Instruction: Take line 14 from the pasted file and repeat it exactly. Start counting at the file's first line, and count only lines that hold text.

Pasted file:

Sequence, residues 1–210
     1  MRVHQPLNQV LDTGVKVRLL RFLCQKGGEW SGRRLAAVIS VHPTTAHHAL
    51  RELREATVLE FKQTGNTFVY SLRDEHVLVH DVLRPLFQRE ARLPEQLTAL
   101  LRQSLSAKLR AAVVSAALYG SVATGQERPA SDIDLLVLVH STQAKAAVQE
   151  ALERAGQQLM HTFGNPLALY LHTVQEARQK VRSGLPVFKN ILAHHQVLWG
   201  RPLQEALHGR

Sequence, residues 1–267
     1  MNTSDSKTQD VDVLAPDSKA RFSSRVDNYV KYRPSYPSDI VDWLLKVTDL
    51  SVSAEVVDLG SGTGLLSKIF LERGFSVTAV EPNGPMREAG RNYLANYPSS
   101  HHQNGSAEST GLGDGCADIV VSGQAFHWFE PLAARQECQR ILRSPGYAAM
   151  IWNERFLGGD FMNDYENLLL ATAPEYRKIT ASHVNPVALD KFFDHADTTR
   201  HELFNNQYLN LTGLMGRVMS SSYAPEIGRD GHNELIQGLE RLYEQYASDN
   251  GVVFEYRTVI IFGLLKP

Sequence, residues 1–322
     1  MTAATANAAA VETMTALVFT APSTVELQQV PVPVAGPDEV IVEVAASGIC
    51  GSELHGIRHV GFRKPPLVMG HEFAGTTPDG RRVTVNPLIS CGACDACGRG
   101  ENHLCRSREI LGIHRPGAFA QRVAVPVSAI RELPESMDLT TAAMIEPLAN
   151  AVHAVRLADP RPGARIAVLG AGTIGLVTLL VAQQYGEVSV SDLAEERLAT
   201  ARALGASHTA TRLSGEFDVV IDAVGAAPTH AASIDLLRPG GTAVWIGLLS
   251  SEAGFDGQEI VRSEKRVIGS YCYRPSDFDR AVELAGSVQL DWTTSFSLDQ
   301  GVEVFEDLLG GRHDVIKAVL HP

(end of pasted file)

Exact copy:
Sequence, residues 1–322